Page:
Trucking Accident F.A.Q.
Frequently Asked Personal Injury Questions Surrounding Trucking Accidents
If you are the victim of a trucking accident, the questions of who is responsible and what actually caused the accident are often much more complicated than in a simple motor vehicle accident. There can be many players involved. From the driver to the owner of the truck, to whom the owner is driving on behalf of. Getting all necessary information about what went wrong and who may be liable often requires some industry know-how.
Understanding the common reasons for trucking accidents and the relationships among the persons and entities connected to the truck, the trailer, and the load, will help you determine whether you have a valid claim and how you will present your case.
Truck Accident Statistics
Over the past two decades, the number of truck accidents has increased by 20%. According to the Federal Motor carrier Safety Administration (FMCSA), in 2002, 4,897 individuals died and 130,000 people were injured in crashes that involved a large truck. And even though large trucks are only responsible for 3% of injury-causing motor vehicle accidents, trucking accidents typically cause much greater harm than ordinary traffic accidents due to the large size and heavy weight of most trucks.
Who is responsible if I am involved in an accident with a commercial truck?
That can be a complicated answer. Because there are a series of “hands” that led to the truck being on the road in the capacity of a commercial vehicle, the party responsible for your damages may be a number of persons or entities. First of all, the driver is certainly one of the chief targets for a personal injury claim. Additionally, the owner of the truck or trucking company bears responsibility for any negligence or incompetence on the part of the driver (often called vicarious liability) that led to your injuries. Also, the company that leased the truck or trailer from the owner often bears a level of responsibility for damages caused. In the case of a defective vehicle, even the truck’s manufacturer and/or designer may be held responsible for damages and, in the case of improper loading of shipments, the shipper (or loader) may be held responsible for damages. It’s important to seek the counsel of an experienced personal injury attorney familiar with the federal motor carrier safety administration regulations like those at Panio Law Offices to determine just who may be the subject of a personal injury claim and what damages may be recoverable.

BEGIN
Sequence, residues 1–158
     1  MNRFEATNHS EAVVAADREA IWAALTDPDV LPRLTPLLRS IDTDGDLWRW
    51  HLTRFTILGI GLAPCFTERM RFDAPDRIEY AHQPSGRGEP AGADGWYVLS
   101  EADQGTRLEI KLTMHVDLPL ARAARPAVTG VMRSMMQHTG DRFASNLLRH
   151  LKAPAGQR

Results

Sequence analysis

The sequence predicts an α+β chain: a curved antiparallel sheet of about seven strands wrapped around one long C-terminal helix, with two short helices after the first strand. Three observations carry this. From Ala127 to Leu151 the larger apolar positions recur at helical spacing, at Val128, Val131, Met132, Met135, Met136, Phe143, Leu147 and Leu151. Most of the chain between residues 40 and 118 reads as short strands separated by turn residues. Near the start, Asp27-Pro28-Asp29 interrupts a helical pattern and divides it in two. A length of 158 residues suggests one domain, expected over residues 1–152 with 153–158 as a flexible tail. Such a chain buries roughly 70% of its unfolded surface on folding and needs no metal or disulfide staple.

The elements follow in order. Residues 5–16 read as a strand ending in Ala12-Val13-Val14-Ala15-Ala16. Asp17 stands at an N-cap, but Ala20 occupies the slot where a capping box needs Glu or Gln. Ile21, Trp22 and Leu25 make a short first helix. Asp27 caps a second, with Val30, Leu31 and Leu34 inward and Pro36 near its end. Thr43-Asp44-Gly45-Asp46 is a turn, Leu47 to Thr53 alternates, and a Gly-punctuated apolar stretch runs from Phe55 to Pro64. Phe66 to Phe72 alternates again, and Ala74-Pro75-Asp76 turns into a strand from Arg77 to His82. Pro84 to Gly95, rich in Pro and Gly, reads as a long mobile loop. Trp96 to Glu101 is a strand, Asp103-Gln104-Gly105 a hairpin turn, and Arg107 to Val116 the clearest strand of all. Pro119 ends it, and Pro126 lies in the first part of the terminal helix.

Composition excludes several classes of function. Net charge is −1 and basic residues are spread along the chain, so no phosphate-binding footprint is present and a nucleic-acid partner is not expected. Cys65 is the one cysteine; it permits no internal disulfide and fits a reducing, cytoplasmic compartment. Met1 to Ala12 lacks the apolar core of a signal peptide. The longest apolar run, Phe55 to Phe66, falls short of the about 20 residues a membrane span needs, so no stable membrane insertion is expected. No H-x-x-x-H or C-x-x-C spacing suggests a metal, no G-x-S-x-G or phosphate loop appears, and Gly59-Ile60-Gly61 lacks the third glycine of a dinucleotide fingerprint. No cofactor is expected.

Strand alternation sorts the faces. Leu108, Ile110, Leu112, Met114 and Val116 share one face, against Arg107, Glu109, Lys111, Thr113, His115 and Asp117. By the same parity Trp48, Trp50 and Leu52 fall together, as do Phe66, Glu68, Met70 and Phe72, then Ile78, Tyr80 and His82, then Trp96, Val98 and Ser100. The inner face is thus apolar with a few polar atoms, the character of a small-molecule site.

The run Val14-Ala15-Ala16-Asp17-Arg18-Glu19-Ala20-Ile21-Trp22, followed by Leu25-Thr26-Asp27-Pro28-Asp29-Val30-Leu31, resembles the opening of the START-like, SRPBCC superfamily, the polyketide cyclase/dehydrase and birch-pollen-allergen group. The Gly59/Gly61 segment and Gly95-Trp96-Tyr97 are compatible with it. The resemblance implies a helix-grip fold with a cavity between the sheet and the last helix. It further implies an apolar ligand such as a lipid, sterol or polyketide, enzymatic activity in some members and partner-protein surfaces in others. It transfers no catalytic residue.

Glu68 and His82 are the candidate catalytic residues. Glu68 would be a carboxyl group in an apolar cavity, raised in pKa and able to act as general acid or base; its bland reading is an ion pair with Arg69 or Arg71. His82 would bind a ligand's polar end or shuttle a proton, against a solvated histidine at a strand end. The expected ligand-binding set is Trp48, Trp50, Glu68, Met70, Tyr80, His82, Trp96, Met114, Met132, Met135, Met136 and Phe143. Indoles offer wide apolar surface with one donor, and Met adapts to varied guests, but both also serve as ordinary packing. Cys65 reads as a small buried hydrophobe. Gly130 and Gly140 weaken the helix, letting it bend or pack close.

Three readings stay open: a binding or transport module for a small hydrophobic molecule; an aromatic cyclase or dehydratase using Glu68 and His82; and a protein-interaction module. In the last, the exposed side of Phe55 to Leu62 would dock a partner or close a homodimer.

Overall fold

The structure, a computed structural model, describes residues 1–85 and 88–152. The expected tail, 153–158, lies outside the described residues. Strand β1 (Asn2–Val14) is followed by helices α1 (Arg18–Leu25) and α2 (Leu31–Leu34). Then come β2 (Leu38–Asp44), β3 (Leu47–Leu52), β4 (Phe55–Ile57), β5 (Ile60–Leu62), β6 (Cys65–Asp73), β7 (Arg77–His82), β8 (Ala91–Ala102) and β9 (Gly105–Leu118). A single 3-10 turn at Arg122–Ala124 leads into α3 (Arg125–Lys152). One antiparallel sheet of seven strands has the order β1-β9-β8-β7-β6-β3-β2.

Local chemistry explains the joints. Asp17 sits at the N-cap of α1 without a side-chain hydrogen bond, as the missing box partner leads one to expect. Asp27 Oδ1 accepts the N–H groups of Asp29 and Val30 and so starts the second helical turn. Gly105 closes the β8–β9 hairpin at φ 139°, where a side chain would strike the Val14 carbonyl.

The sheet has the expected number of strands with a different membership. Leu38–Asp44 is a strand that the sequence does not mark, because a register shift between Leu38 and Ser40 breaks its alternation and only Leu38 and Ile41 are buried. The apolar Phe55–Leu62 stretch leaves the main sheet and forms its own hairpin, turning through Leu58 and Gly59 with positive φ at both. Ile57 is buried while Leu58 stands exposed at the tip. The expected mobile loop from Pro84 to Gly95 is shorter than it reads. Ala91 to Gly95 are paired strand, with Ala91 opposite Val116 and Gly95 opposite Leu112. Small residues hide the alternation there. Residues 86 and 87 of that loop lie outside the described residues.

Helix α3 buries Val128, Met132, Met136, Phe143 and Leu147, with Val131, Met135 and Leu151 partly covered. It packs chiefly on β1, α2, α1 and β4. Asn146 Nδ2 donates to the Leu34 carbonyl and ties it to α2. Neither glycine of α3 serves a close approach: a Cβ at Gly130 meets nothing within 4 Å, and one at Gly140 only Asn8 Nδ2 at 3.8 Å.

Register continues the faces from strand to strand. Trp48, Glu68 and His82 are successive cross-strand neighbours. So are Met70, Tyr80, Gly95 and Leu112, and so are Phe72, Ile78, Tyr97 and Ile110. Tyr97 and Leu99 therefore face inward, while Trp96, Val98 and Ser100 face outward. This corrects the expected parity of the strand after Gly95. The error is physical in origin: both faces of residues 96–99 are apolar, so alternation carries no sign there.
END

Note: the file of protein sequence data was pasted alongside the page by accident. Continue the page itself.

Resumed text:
But if the trucking company has leased the vehicle to an independent contractor who may or may not have the funds or insurance to cover damages, may I still pursue damages with the owner?
Quite possibly. Federal and state laws and regulations hold companies owning a trucking permit responsible for all accidents involving a truck that carries its placard or name. As long as that placard or name is visible, there is high likelihood that the owner may be held responsible. Furthermore, if the trucking company controls the means, methods, and manners in which the driver carries out his/her duties, a court may find that the so-called independent contractor is an employee for purposes of legal liability.
If it is discovered that an equipment problem led to the accident in question, who is responsible for the resulting injuries?
Typically, manufacturing mistakes (defective vehicle design or parts) will find responsibility placed on the manufacturer of the vehicle in question. However, many mechanical causes for truck accidents stem from a failure to properly maintain the vehicle appropriately. Some examples of this include break failure, tire blowouts due to wear and tear, and transmission failure. Commercial truck owners and drivers have a responsibility to maintain their vehicles on the road. So when the defect or mechanical error results from a lack of proper maintenance, the owner, trucking company, and/or leasing company may be held liable for damages.
Again, it’s very important that anyone who finds themselves the victim of a trucking accident see medical attention first and also contact an experienced personal injury attorney like those at Bizzieri Law Offices. We understand Illinois personal injury law and what it takes to win the highest awards for our clients. Call us at 773.881.9000 if you have questions about a personal injury case. We can help.
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